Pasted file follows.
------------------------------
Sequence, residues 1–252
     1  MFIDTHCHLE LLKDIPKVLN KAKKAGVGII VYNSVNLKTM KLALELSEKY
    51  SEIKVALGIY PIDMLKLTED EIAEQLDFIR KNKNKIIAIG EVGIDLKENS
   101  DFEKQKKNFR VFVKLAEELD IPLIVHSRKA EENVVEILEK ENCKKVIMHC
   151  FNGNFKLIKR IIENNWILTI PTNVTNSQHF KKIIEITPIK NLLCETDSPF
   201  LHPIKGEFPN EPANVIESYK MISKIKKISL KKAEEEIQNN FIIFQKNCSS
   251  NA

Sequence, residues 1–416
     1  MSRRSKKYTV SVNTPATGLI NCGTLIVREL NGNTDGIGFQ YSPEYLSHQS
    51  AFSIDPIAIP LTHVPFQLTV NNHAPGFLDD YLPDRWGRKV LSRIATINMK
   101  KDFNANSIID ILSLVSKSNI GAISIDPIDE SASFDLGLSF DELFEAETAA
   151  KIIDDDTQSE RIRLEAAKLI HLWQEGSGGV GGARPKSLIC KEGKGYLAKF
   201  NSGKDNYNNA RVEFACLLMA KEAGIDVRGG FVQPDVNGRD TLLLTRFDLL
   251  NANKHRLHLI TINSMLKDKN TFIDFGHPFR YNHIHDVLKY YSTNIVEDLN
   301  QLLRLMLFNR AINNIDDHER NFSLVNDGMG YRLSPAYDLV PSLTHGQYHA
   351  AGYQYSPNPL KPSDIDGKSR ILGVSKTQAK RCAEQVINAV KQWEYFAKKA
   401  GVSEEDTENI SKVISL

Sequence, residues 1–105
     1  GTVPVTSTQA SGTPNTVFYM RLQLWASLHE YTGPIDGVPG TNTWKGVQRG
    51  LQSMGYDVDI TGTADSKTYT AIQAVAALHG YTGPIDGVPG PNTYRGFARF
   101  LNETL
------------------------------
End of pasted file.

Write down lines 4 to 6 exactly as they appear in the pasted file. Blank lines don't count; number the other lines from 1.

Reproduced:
   101  DFEKQKKNFR VFVKLAEELD IPLIVHSRKA EENVVEILEK ENCKKVIMHC
   151  FNGNFKLIKR IIENNWILTI PTNVTNSQHF KKIIEITPIK NLLCETDSPF
   201  LHPIKGEFPN EPANVIESYK MISKIKKISL KKAEEEIQNN FIIFQKNCSS